טכניון מכון טכנולוגי לישראל
הטכניון מכון טכנולוגי לישראל - בית הספר ללימודי מוסמכים  
M.Sc Thesis
M.Sc StudentYelizabetha Nouzman
SubjectInterlayers at the Organic/Metal Interface in Organic
Devices
DepartmentDepartment of Materials Science and Engineering
Supervisor Full Professor Frey Gitti
Full Thesis textFull thesis text - English Version


Abstract

The architecture of high efficiency OLED and PLED devices consists multiple layers of several functional organic materials. Cathode interlayers, for example, play an important role in facilitating electron injection from the metal cathode into the light-emitting materials, reduce driving voltage, and improve efficiency. While deposition of sequential layers is relatively straightforward in evaporation, constructing multilayers becomes more difficult in solution processing techniques used in the fabrication of PLEDs, such as spin coating, slot die coating, inkjet coating, etc. However, these processes are compatible with roll-to-roll manufacturing. Therefore, much effort is directed to find approaches to form organic multilayer by solution processing.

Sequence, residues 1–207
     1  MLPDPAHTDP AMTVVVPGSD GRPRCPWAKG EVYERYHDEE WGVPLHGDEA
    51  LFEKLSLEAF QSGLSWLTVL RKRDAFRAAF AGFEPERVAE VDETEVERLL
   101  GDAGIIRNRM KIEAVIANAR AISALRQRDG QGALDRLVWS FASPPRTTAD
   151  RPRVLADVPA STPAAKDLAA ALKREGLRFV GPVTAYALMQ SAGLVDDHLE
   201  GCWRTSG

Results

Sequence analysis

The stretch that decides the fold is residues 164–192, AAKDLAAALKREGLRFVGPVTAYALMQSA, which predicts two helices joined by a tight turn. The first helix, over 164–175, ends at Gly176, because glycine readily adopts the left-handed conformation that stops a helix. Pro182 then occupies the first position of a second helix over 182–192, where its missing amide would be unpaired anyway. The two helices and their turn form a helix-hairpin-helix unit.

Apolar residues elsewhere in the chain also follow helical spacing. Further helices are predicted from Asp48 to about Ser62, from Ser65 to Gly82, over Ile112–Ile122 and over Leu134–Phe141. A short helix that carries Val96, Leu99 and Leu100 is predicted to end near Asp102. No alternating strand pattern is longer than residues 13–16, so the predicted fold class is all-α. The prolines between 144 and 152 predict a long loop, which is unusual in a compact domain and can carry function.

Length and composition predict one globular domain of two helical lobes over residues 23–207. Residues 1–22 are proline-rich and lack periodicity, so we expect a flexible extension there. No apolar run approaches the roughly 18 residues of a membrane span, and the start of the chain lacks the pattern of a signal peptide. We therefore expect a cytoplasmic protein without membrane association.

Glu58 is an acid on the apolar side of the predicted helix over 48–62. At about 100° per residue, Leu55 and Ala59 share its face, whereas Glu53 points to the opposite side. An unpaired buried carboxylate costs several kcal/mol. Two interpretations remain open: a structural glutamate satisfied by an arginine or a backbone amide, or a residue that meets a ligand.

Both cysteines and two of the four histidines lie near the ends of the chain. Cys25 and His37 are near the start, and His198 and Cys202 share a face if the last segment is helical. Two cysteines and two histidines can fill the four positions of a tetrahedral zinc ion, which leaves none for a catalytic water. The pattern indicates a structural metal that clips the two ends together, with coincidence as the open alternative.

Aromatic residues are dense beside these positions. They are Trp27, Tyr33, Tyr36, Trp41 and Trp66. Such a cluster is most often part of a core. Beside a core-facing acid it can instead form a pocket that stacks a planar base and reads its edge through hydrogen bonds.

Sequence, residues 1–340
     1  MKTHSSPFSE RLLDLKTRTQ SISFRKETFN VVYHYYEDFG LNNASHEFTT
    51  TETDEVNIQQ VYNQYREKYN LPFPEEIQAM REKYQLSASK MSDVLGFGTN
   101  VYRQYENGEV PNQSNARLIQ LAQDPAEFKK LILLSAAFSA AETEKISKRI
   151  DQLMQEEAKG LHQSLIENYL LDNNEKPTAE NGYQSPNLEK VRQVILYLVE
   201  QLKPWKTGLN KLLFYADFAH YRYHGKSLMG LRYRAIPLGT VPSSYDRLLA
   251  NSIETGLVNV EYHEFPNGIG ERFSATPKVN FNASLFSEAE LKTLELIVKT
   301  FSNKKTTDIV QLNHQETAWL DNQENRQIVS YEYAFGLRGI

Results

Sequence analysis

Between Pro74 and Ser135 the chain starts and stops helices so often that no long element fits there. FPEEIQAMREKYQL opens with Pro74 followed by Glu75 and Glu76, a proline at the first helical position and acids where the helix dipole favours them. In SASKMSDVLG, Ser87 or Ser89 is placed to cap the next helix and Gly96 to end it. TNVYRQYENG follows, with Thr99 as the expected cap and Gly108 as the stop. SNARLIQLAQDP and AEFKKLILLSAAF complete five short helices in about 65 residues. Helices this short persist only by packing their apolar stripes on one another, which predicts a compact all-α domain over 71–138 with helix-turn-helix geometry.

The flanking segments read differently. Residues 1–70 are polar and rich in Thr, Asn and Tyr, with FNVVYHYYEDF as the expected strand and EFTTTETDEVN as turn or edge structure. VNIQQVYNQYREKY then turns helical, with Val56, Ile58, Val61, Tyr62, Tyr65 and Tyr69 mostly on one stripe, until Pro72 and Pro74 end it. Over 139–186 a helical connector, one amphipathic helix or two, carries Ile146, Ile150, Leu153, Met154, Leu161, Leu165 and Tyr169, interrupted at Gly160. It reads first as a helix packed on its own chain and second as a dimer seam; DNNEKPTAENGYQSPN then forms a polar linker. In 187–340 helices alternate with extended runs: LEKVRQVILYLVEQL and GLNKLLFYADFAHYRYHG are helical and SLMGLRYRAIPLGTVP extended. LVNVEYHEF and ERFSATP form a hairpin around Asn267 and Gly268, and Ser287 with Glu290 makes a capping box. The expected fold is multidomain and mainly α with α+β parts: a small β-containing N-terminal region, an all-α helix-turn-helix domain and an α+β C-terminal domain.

This work suggests a mechanism for the spontaneous formation of interlayers in PLEDs. The process is based on the migration of additives from the polymer layer to the polymer/metal interface driven by the interaction between the additive and the evaporated metal atoms. The additive/metal interactions also modify the effective electrode work function and dramatically improve the device performance. 

In this work, we show that PEG molecules initially blended with the emissive polymer migrate during Al deposition to form an interlayer at the organic/Al cathode interface in PLEDs. As a result, devices with PEG molecules exhibit reduced turn on voltage, and increased luminance, current density and current efficiency compared to devices with no PEG. XPS measurements confirm that PEG migration occurs during the Al deposition and thermal treatments reveal that annealing the films prior to Al depositions suppresses PEG migration and interlayer formation. Therefore, we suggested and studied a new, simple, roll-to-roll-compatible methodology for solution processing interlayers in PLEDs that may also be useful beyond PLEDs technology.